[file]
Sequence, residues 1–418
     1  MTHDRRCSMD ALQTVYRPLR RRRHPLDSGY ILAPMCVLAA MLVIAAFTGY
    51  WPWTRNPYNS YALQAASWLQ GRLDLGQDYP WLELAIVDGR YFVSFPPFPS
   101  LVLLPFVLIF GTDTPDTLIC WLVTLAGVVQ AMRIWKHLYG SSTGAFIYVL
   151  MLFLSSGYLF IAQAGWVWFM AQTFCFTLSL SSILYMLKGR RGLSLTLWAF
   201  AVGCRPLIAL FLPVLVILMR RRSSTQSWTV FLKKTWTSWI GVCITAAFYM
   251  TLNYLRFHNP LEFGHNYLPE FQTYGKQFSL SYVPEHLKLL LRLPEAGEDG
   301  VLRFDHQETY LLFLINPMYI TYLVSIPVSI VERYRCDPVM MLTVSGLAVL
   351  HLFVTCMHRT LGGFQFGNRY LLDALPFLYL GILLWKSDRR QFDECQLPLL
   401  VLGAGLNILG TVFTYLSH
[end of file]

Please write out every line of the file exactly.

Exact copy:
Sequence, residues 1–418
     1  MTHDRRCSMD ALQTVYRPLR RRRHPLDSGY ILAPMCVLAA MLVIAAFTGY
    51  WPWTRNPYNS YALQAASWLQ GRLDLGQDYP WLELAIVDGR YFVSFPPFPS
   101  LVLLPFVLIF GTDTPDTLIC WLVTLAGVVQ AMRIWKHLYG SSTGAFIYVL
   151  MLFLSSGYLF IAQAGWVWFM AQTFCFTLSL SSILYMLKGR RGLSLTLWAF
   201  AVGCRPLIAL FLPVLVILMR RRSSTQSWTV FLKKTWTSWI GVCITAAFYM
   251  TLNYLRFHNP LEFGHNYLPE FQTYGKQFSL SYVPEHLKLL LRLPEAGEDG
   301  VLRFDHQETY LLFLINPMYI TYLVSIPVSI VERYRCDPVM MLTVSGLAVL
   351  HLFVTCMHRT LGGFQFGNRY LLDALPFLYL GILLWKSDRR QFDECQLPLL
   401  VLGAGLNILG TVFTYLSH